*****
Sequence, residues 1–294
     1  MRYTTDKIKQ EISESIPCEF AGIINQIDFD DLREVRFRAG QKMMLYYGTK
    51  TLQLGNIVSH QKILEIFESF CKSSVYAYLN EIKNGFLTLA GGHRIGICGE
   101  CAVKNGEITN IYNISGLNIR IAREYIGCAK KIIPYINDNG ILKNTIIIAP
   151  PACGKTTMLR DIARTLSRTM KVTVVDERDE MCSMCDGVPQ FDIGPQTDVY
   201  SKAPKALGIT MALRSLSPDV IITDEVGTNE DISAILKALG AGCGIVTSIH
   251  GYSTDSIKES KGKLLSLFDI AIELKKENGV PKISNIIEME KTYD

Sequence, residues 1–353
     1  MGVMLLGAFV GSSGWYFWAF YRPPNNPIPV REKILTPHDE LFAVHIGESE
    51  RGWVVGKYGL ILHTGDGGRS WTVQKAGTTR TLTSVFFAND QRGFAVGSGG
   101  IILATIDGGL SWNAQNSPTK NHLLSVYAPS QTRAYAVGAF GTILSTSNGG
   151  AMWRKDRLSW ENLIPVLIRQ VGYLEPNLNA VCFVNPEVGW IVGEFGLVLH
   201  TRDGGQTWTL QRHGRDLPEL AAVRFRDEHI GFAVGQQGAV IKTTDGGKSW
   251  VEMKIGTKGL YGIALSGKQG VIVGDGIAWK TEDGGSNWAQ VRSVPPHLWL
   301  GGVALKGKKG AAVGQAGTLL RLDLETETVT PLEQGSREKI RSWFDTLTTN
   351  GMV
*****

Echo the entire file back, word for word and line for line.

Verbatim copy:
Sequence, residues 1–294
     1  MRYTTDKIKQ EISESIPCEF AGIINQIDFD DLREVRFRAG QKMMLYYGTK
    51  TLQLGNIVSH QKILEIFESF CKSSVYAYLN EIKNGFLTLA GGHRIGICGE
   101  CAVKNGEITN IYNISGLNIR IAREYIGCAK KIIPYINDNG ILKNTIIIAP
   151  PACGKTTMLR DIARTLSRTM KVTVVDERDE MCSMCDGVPQ FDIGPQTDVY
   201  SKAPKALGIT MALRSLSPDV IITDEVGTNE DISAILKALG AGCGIVTSIH
   251  GYSTDSIKES KGKLLSLFDI AIELKKENGV PKISNIIEME KTYD

Sequence, residues 1–353
     1  MGVMLLGAFV GSSGWYFWAF YRPPNNPIPV REKILTPHDE LFAVHIGESE
    51  RGWVVGKYGL ILHTGDGGRS WTVQKAGTTR TLTSVFFAND QRGFAVGSGG
   101  IILATIDGGL SWNAQNSPTK NHLLSVYAPS QTRAYAVGAF GTILSTSNGG
   151  AMWRKDRLSW ENLIPVLIRQ VGYLEPNLNA VCFVNPEVGW IVGEFGLVLH
   201  TRDGGQTWTL QRHGRDLPEL AAVRFRDEHI GFAVGQQGAV IKTTDGGKSW
   251  VEMKIGTKGL YGIALSGKQG VIVGDGIAWK TEDGGSNWAQ VRSVPPHLWL
   301  GGVALKGKKG AAVGQAGTLL RLDLETETVT PLEQGSREKI RSWFDTLTTN
   351  GMV